In the footsteps of 9th Century Arab Navigators
18.02.2013 24 °C
Having seen the hall dedicated to the Jewel of Muscat recreated 9th Century Arab Dhow the previous day at the Bayt Al-Zubair Museum in Old Muscat we had the opportunity through a close contact of my cousins to see the boatyard on Qantab Beach near Muscat where the Jewel of Muscat was actually built.
The Jewel of Muscat is a 59 feet (18 metres) long and 21 feet (6.5 metres) wide fullsize reconstruction of a 9th Century Arab Dhow sailing back from China found shipwrecked in 1998 off Belitung Island in Indonesia. In 2010 the reconstructed Jewel of Muscat took 138 days (including 68 days at sea) to sail 3,580 nautical miles to Singapore stopping at Cochin (India), Galle (Sri Lanka), George Town (Penang Island), and Port Klang (Malaysia) along the way recreating the voyages of early Arab sailors.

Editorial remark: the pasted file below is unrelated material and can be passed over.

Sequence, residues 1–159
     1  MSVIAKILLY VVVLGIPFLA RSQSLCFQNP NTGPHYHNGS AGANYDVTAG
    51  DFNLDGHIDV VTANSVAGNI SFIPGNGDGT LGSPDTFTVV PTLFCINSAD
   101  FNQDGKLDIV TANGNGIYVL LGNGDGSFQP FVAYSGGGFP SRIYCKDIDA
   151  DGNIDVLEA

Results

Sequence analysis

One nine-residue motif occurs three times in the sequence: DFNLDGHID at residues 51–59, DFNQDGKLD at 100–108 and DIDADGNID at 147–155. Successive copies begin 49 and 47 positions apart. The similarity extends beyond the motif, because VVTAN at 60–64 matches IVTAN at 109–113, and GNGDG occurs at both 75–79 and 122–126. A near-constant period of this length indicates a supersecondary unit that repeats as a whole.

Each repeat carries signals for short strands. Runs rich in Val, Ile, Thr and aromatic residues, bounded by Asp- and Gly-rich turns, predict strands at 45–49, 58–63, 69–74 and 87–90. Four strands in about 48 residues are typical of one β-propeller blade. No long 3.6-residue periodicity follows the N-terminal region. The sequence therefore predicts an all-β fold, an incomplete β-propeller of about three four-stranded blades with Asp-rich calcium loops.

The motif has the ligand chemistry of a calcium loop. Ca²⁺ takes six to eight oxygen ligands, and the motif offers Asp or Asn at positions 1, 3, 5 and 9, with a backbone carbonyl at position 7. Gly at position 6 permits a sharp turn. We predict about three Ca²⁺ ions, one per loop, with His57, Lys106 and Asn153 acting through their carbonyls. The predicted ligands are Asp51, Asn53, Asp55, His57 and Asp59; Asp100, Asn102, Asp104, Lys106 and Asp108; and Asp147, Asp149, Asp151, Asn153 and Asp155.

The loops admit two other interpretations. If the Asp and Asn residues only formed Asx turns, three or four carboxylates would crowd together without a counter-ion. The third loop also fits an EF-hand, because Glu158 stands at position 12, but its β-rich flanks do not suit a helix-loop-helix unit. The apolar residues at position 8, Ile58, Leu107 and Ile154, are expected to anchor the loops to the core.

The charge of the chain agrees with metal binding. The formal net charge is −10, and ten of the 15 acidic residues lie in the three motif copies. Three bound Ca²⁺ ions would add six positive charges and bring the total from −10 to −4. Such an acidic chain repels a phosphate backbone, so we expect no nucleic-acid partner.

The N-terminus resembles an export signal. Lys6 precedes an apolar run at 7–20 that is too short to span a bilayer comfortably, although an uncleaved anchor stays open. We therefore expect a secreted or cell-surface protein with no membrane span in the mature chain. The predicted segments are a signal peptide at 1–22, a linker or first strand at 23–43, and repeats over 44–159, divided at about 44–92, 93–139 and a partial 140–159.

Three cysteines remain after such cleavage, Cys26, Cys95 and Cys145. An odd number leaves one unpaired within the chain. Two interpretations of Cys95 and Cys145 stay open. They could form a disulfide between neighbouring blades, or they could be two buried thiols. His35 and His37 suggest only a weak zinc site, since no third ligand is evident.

The Jewel of Muscat was built without nails or screws and the planks were sewn together with coconut fibres. This is similar to the traditional shipbuilding method used in the 9th century.
On its arrival in Singapore on the 3rd July 2010 the Jewel of Muscat was presented as a gift to the people of Singapore from Oman and now sits in a Maritime Museum in Singapore. Since then the boatyard at Qantab has been commisioned to build several similar boats using traditional methods as well as several models for museums. Ironically these models are so intricate that they normally take as long to build as their full size counterparts!